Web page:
Updated February 26, 2022 by Mark Marino
Strange as it may seem, not all light is created equal. In fact, not all light is created visible. Most light is invisible to humans, even as another life on Earth is capable of seeing it, or at least benefitting from it. The most obvious and best example of this is the benefits a plant gets from the ultraviolet rays of the sun.
Plants turn sunlight into the energy they need to perform the chemical reactions that water enables. But the part of the light they need is not the visible white/yellow light that we usually see. The question is then: Can plants grow inside a house under a different wavelength? What about the same wavelength made artificially?
The most common expression of this question asks whether or not plants can grow under ordinary incandescent or fluorescent light bulbs. The answer is no; in order for plants to grow, they need certain wavelengths of light at certain intensities that ordinary light bulbs do not provide.
This does not mean that plants cannot be grown indoors with artificial lights, however. It is all a matter of what kind of plants you have, how much you want to grow, and what kind of light you need to get that done.
What Kind Of Light Do Plants Need?
See, light exists on a spectrum. Some light hits your eyes more frequently. This is because it has a shorter “wavelength”, and as a result of this shorter wavelength the light takes on a different color.
Purple and blue light has the shortest wavelength of all visible light. A short-wavelength means the light collides with anything it touches more frequently. This makes purple and blue LED lights a feast for light-starved greenhouses.
A plant feeding off of blue light will get nearly double the nutrition than it would from an orange light of the same intensity. It is a simple matter of the blue light “hitting” the plant at a higher frequency than the orange light. Blue light is recommended over purple light, however.
Even though purple light has an even higher frequency than blue light, it can actually be so high that plants can’t absorb it. There are many kinds of light that are not visible to the human eye for the same reason.
In this case, the human eye can identify a color of the light (purple) that plants have trouble absorbing. You can use lights to supplement your greenhouse even if it gets direct sunlight. This is because the big danger of sunlight is the heat more than the light.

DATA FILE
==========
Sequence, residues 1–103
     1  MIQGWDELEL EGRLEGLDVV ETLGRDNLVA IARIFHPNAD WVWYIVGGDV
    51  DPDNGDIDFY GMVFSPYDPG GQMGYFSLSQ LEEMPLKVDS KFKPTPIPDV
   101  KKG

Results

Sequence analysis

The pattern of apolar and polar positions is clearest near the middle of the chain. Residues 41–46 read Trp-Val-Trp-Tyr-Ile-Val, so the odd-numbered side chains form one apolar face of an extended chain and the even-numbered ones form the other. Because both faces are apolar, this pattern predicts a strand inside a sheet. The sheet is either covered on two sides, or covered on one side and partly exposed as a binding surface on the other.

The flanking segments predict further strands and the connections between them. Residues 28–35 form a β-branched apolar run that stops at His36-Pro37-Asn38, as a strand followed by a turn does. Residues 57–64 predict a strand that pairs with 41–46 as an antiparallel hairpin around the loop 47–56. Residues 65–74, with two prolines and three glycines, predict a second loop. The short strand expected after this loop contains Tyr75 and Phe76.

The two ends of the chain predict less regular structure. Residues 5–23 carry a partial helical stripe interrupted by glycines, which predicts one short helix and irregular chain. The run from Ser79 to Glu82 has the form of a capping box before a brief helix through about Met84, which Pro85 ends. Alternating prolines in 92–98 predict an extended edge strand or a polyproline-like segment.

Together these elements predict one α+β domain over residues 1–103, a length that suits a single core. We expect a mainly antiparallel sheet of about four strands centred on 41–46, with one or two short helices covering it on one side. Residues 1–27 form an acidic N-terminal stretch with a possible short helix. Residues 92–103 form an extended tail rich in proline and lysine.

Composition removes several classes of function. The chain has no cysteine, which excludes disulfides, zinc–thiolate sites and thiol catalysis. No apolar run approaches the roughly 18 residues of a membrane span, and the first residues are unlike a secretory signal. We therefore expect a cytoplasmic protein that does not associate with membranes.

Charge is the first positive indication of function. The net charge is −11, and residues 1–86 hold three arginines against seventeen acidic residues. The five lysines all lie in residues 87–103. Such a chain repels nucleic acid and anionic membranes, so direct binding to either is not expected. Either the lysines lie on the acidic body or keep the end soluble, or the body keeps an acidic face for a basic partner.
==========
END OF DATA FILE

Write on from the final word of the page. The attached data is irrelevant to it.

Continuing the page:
As stated before, there are many types of light that are not visible, and these types of light are what carry heat with them. Gamma rays and infrared light is the light that generates the most heat. Luckily, you will actually have a hard time finding any light fixtures that output this. LED lights will not output it at all.
A blue LED light is not going to output the invisible ultraviolet or gamma rays the sun does. This makes them safe to use to your heart’s content. Just so long as you do not drive up your electrical bill.
What Kind Of Plants Can Be Grown This Way?
The best plants to grow under artificial light are small herbs and weeds, like basil, onion, and oregano. Amusingly, this has less to do with the amount of light they need and more to do with the amount of space they take up. One of the biggest obstacles you will find yourself running into when growing plants indoors is space.
Technically speaking, these LED lights will also allow you to do things like grow strawberries in your closet and tomatoes in your bathtub (if you are so inclined). However, both of those fruits have the drawback of having root systems that frequently outgrow an ordinary plant container, especially normal planting pots.
Many plants can be grown with LED lights, but few can be grown in circumstances where LED lights are necessary. There is a situation where these two do not overlap, however. If you have a basement that has a dirt floor, you can use LED lights to grow out of that dirt without worrying about space.
Do You Need LED Lights, Or Will Any Blue Lights Work?
This is the question that people usually arrive at after they have wrapped their heads around the needs of plants and the possibility of lights. So, since blue light benefits plants because of its frequency, then do that blue light need to be output by an LED light in order to benefit the plant?
Or, returning to the original question, can it be output by a normal lightbulb? Surprisingly, the answer is yes. But only technically. In fact, blue light does not even have to be the native light of the lightbulb. You can wrap a blue fruit roll up around the lightbulb and it will turn the light blue, changing its wavelength.
You will, however, notice some issues, and these issues are why a normal lightbulb will only “technically” work. The first issue you will notice is that no matter how you filter the light, it will be dimmer.
This is because a filter allows only certain light to pass through. Since only a small amount of a normal lightbulb’s light is blue, only a small amount of light is going to pass through the filter. This means that even though the light is hitting the plant quite frequently, there is not much light hitting it.
LED lights are also far, far more energy-efficient than normal lightbulbs. So, even though a normal light bulb can do what an LED light does, an LED light will do its job better and cost less energy.
While a normal lightbulb can help a plant grow, it requires so many extra steps to get to the point where it is effective that by the time you are there you are basically not using a normal light bulb anymore. They simply are not strong enough in the way a plant needs. Use LED lights and your problems will be solved.